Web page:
QR Codes - Do They Really Work?

Quick Response codes began as a novelty, but as the prevalence of QR code reading technology has increased, so has the popularity of their use. There is a short history behind QR codes but that has not held back the growing popularity of these little squares of black on white patterns.

The QR code was first invented in 1994 by developers at a subsidiary of the Toyota Corporation in Japan, and they were intended to provide an alternative to the barcode that could be read at a greater speed. However, it turned out that the primary advantage of a QR code was that it actually could carry information such as text, pictures and URL links embedded within its blocks of pattern. Initially, the QR was a software used to entertain consumers by challenging them to decipher its codes through the use of a limited number of devices. In the early days, QR codes displayed in England and Japan were for attention getting purposes only. The introduction of QR technology to the mainstream market has been waiting for an increase in availability of code readers in common place devices. That time is now.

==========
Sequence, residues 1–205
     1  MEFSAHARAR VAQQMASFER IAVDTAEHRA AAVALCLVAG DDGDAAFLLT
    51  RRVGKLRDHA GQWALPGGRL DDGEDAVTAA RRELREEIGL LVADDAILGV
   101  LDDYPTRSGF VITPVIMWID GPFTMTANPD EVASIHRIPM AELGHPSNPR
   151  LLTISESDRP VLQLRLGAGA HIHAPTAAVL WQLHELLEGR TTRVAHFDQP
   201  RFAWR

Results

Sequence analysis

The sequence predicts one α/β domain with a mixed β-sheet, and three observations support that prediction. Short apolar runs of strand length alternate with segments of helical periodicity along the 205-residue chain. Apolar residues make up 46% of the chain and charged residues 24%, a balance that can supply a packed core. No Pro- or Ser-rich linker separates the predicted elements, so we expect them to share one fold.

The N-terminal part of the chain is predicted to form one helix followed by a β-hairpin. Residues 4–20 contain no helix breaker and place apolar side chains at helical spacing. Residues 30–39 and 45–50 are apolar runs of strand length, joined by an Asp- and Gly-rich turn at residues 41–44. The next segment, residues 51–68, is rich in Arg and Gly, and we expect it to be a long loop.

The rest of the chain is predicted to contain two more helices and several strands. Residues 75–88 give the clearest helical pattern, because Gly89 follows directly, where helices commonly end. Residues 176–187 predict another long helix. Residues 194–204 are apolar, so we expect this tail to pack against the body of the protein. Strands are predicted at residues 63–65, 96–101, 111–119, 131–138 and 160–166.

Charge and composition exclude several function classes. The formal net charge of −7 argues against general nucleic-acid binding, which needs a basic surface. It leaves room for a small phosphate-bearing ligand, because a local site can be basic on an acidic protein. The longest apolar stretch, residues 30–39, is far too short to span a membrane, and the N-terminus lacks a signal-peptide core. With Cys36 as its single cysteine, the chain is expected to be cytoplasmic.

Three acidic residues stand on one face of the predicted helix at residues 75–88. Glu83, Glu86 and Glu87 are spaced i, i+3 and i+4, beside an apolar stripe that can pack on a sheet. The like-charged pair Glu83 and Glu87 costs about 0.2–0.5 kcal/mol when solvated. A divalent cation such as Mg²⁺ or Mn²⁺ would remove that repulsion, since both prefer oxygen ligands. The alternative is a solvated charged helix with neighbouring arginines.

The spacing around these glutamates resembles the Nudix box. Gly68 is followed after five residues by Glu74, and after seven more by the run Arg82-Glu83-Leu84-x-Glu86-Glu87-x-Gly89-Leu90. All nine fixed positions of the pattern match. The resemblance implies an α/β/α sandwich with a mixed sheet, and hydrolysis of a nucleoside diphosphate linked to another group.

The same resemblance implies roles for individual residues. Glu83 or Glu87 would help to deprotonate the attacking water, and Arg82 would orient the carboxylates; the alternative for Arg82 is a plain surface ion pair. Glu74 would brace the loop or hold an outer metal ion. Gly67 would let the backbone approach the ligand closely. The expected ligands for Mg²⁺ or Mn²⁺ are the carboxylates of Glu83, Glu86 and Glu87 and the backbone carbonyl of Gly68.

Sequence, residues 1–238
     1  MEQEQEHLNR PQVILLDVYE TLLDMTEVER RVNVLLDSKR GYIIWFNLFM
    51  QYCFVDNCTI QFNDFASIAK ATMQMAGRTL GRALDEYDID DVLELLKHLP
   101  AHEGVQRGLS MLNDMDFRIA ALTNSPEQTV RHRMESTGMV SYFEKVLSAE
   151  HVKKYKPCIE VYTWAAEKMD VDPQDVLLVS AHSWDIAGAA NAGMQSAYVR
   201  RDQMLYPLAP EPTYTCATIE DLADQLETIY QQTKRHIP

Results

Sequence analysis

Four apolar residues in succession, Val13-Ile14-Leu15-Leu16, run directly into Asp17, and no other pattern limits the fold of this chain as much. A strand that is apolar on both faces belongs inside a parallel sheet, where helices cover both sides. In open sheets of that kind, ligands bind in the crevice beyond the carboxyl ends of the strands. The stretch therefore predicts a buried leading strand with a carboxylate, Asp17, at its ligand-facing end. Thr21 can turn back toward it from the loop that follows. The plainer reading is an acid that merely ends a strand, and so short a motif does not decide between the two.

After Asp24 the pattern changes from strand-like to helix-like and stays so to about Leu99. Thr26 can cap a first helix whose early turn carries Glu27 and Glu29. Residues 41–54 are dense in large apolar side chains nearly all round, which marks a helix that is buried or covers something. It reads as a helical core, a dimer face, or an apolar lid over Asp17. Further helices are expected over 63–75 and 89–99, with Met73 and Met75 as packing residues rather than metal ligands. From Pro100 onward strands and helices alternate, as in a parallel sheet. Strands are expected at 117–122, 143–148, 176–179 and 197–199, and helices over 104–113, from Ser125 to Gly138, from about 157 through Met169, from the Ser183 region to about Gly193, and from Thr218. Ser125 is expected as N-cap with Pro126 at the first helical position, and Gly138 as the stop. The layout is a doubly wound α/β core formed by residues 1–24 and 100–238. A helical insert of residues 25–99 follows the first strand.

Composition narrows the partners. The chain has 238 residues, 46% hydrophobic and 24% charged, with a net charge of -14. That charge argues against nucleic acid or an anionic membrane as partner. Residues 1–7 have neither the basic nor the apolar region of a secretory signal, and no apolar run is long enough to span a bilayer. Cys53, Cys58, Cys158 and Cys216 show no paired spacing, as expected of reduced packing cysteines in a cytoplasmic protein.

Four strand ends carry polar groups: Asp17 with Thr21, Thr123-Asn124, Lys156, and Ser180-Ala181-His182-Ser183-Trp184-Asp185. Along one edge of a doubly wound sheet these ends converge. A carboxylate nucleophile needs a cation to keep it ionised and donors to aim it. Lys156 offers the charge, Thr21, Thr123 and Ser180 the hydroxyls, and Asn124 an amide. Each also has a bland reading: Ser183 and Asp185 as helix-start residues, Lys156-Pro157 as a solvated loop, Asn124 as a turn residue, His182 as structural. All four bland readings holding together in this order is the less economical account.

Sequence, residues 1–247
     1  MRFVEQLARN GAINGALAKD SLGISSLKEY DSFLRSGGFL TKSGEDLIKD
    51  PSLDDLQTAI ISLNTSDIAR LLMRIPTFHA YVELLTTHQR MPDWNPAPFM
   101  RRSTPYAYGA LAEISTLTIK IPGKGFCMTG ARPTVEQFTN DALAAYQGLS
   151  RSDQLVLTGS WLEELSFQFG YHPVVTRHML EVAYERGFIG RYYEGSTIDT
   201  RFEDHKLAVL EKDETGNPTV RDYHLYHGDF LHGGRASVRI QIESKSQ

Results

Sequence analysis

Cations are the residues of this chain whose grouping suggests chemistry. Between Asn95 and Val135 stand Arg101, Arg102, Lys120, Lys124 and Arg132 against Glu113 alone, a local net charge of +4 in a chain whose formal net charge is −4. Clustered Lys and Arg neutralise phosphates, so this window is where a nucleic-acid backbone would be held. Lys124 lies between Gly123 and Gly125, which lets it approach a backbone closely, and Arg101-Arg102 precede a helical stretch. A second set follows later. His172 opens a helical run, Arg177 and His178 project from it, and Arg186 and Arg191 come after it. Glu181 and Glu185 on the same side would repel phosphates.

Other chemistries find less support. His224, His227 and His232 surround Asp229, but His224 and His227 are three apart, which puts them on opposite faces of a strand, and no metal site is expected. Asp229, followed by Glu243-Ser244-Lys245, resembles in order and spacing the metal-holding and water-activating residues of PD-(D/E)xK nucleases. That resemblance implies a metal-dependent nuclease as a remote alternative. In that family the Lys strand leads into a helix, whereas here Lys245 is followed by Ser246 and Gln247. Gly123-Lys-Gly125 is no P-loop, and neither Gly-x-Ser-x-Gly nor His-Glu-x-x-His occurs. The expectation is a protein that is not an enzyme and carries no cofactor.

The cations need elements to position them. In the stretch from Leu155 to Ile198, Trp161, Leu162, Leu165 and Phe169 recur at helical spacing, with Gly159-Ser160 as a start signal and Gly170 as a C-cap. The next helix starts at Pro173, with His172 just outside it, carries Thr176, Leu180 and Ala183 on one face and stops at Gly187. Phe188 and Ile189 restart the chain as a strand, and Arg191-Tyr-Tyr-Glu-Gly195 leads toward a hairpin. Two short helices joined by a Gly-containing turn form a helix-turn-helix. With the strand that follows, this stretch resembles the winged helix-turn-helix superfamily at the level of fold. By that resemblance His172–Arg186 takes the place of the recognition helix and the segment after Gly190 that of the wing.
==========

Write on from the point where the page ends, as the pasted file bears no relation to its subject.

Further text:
QR codes
QR Code image containing this blog's homepage URL
QR code readers come standard in many Android, Blackberry and Nokia mobile phones as well as in the Nintendo 3 DS. This means that more and more people are starting to have immediate access to a reader via their pocket electronics. Now is the prime time to increase the distribution of QR codes to the masses. Even Facebook has recently added a QR code to every user’s home page. The technology is widespread and the code it self is becoming a familiar sight, but what can a QR code actually do beyond just looking high-tech?


As mentioned earlier, there is a wide array of information that can be contained in a QR code and an equally large array of outcomes that can be achieved when they are read. Scanning a QR code with a reader can produce different beneficial advertising results. The main advantage is that internet content can be transmitted immediately to the device. For example, contact information or product specifications and images can be immediately downloaded from a print location. To advertisers, this means website content can be added to magazine ads and public signs. These types of advertisements are common place in some countries, but American consumers are still lagging slightly in their common use of this technology.



Author About
Akhilesh Sharma maintains and writes Tweak And Trick. He is a technology enthusiast and a science student.
You can contact him at tweakandtrick@gmail.com.

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